Review: LeEco Le Max 2 is a Content Powerhouse, But…

It’s barely been six months since LeEco burst onto the scene in India, but man, just take a look at how much fanfare (and noise) the brand has generated!
From an impressive lineup of launch devices to big tie-ups with local content partners, it seems everywhere you look, LeEco is there.

With the Le Max 2 (and the Le 2),
LeEco’s got its second wave of devices that push the envelope in more ways than expected – not just for the specs. But does it edge ahead of the Mi 5 and the OnePlus 3 to make a serious play for your wallet?

LeEco Le Max 2.


  • Scorching performance
  • Well-built, though lacks distinctiveness
  • Content package a bonus


  • CDLA a page out of the future, but not enough accessory support
  • Heavy and cumbersome to handle
  • Missing NFC
  • Average camera and battery backup (for its size)

What’s Good?

LeEco’s thrown in everything (and the kitchen sink, for good measure) when speccing out the Le Max 2. On the 6GB RAM variant I tested, you get the
du jour 2016 flagship fare – the quad-core Qualcomm Snapdragon 820 chip, 64GB of storage, and a 5.7-inch quad HD LCD display – though there’s a “base”
variant, if one can call it that, with 4GB RAM and 32GB storage.

As expected, the phone handles its daily duties and never misses a beat even when pushed to multitask
between multiple memory-heavy applications.

Of course, as with the OnePlus 3, the 6GB of RAM is a bit of overkill even for the most consummate of multi-taskers, and
the cheaper 4GB variant looks like the more sensible choice unless you’re solely after the bragging rights.

LeEco Le Max 2 gets a 5.7-inch display.

The phone runs the custom EUI 5.6 based on Android Marshmallow 6.0.1 and like a lot of its Chinese brethren, LeEco changes a lot of the stock Android interface elements
largely for the sake of differentiation, though it does support Marshmallow’s improved app permissions and Now on Tap search features.

The bigger differentiator is LeEco’s
Supertainment content package, delivered through the Live and the Levidi apps. The former lets you stream some popular national and regional TV channels while the latter
streams full length movies from content partners such as Colors TV and Eros Now, etc.

Levidi is LeEco’s version of YouTube.

It’s a unique differentiator, and getting access to a year’s worth ($75 a year
subscription package) of content would sound like a much sweeter a deal if the video wasn’t hobbled by a maximum 396p resolution. This is a quad HD screen, for crying out loud!
Also, bear in mind, you’re going to need a good data plan if you plan to use this package to the fullest.

What’s Bad?

The design language is a familiar one, one we’ve seen in many devices previously, and not just those from LeEco. The lines are clean, the edges chamfered, the metal unibody,
and the build quality top notch, but it lacks any real flair, and with the 5.7-inch screen, you have a phone that’s not only heavy but ungainly to use one-handed as compared to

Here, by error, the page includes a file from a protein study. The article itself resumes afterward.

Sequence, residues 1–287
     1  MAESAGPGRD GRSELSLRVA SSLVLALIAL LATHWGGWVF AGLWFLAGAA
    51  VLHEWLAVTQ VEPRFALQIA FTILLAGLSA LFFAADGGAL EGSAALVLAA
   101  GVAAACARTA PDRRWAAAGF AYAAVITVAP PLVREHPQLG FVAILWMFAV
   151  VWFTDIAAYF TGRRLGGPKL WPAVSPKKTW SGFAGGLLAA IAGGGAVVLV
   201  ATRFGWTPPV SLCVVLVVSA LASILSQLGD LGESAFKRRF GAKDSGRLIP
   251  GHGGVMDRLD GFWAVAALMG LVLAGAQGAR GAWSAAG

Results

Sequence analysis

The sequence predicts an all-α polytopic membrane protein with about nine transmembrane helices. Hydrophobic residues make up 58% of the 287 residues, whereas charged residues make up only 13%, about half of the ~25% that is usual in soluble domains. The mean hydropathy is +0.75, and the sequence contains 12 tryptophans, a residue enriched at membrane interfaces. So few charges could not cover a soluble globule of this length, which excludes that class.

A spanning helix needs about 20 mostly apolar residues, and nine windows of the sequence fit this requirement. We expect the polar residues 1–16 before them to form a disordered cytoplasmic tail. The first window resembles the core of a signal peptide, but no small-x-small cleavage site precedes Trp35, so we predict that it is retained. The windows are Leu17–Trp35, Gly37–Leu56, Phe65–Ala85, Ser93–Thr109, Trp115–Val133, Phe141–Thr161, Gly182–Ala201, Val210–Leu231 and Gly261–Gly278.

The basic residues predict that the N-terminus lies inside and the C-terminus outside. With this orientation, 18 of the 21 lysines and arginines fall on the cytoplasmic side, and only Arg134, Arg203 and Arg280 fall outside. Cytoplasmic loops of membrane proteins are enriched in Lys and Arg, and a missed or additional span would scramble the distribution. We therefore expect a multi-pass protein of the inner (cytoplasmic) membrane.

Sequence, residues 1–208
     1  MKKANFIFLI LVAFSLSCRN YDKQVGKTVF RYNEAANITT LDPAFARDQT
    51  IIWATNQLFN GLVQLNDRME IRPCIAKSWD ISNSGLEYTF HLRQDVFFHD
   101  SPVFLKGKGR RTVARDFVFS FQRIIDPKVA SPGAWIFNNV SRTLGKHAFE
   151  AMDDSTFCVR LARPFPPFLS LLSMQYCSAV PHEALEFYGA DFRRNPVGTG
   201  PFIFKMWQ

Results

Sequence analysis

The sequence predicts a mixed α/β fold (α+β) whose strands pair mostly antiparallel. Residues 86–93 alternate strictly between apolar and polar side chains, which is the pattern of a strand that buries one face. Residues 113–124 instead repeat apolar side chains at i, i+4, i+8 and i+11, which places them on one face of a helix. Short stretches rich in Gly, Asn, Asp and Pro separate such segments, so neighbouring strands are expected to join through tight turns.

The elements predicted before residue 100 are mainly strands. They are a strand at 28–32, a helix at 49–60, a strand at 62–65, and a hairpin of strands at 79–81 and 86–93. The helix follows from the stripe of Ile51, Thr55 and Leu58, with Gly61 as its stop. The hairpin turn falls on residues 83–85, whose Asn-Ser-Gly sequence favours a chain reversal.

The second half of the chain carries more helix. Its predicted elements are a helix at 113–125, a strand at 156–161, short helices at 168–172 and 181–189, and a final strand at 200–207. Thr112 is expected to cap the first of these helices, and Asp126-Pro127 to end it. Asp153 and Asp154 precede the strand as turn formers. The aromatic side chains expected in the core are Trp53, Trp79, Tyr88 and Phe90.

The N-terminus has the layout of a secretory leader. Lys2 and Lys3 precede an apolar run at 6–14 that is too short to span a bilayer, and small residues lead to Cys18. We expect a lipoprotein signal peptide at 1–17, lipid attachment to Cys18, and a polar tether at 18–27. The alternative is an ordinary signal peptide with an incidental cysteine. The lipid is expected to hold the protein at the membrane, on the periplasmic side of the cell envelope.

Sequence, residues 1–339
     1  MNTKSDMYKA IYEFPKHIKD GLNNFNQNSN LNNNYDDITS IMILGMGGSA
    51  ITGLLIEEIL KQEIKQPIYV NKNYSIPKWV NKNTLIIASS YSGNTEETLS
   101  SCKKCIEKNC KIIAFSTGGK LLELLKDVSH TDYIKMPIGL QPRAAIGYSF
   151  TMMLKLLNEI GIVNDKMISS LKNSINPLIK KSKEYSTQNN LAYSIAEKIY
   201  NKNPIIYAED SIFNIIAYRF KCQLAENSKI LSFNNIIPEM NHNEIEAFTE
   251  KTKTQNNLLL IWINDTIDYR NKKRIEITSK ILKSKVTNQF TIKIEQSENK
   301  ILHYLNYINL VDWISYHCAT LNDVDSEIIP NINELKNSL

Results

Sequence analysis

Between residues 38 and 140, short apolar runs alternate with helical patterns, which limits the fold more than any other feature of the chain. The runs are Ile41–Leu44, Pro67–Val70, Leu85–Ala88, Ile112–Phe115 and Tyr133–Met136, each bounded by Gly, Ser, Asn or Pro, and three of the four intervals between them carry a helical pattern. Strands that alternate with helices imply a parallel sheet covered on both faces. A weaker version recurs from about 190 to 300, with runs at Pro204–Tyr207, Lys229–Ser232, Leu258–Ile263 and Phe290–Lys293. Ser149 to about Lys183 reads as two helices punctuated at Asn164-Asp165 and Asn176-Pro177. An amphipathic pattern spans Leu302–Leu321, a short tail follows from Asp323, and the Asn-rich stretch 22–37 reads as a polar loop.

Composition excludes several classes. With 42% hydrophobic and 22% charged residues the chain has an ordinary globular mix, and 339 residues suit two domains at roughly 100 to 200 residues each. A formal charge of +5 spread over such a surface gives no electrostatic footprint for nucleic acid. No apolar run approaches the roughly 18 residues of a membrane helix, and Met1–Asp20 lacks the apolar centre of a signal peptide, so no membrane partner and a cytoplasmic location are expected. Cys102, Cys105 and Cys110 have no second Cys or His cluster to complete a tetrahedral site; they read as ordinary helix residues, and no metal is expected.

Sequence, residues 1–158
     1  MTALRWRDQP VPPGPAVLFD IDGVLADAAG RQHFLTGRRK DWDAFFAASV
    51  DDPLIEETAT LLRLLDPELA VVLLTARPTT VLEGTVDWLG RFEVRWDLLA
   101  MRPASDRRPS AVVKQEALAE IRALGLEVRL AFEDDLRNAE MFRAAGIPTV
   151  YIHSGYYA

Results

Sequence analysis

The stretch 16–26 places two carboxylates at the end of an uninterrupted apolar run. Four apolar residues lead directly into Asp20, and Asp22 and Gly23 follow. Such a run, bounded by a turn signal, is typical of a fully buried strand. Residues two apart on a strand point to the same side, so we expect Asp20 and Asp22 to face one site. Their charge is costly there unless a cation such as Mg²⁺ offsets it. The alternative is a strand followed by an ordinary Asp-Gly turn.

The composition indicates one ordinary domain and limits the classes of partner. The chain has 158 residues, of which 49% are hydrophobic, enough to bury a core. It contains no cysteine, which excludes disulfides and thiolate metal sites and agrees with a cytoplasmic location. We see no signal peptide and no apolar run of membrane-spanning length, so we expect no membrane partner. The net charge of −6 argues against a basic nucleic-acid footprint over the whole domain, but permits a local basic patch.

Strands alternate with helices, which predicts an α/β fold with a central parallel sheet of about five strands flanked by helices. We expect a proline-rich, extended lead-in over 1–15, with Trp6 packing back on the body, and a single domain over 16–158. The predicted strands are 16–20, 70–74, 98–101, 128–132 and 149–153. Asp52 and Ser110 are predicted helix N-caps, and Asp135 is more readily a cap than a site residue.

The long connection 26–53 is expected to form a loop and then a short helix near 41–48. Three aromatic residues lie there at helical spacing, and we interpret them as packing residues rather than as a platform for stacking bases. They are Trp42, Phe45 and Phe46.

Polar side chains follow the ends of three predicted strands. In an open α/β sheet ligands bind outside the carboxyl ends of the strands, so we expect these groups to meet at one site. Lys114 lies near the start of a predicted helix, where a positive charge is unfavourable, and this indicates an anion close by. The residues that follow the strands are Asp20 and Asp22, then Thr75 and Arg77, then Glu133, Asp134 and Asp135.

the OnePlus 3 or the much more manageable Mi 5.

The camera module protrudes out from the rear a fair bit, making it prone to dents, scuffs and scratches over time. The fingerprint
sensor, placed right below the camera module, is a tad slow too.

LeEco Le Max 2.

But the biggest inclusion (or lack, rather) is the good ol’ 3.5mm headphone port. Now, we’ve all heard rumours that Apple was ditching the port in the next iPhone and it makes a great
story to pip Apple to the post, but we really question what the “feature” achieved.

Sure, digital sound going over USB-C audio (with the headphones packing dedicated circuitry to receive
the digital audio signal) theoretically avoids any loss in quality, and the included pair of USB-C headphones offered a good soundstage and largely favoured the highs and vocals, but the bass
response was muted and I didn’t think these earphones were particularly comfortable for extended use.

No 3.5-mm audio jack.

Oh, and did I mention that you can’t charge the phone while listening to music? Bit of a
hassle, really, and a marketing gimmick in the end.

The camera, a 21MP affair, is quick to focus in good light, though a tad slower in dimly lit conditions, and turns out pretty decent images across a variety of shooting conditions.

The 21-megapixel camera flatters to deceive.

That said,
the camera isn’t exceptional for its price bracket, even though it’s blessed with Phase Detect Autofocus, Optical Image Stabilization and dual-LED dual tone flash. The 3100mAh battery lasts well
past a day of use, but LeEco could have tried to fit in a bigger battery given the dimensions of the device. Saving grace? Quick Charge 2.0.

Why Buy it?

The Le Max 2 ticks off a lot of the boxes for a flagship-at-a-steal device, but you need to jump through the flash sale hoops to buy one.

Pit it against the OnePlus 3, and the higher res display
and streaming content package of the Le Max 2 duke it out with the better ergonomics and much more polished software experience on the OnePlus. Take your pick.

(Tushar Kanwar is a technology columnist and commentator  He can be reached on Twitter: @2shar.)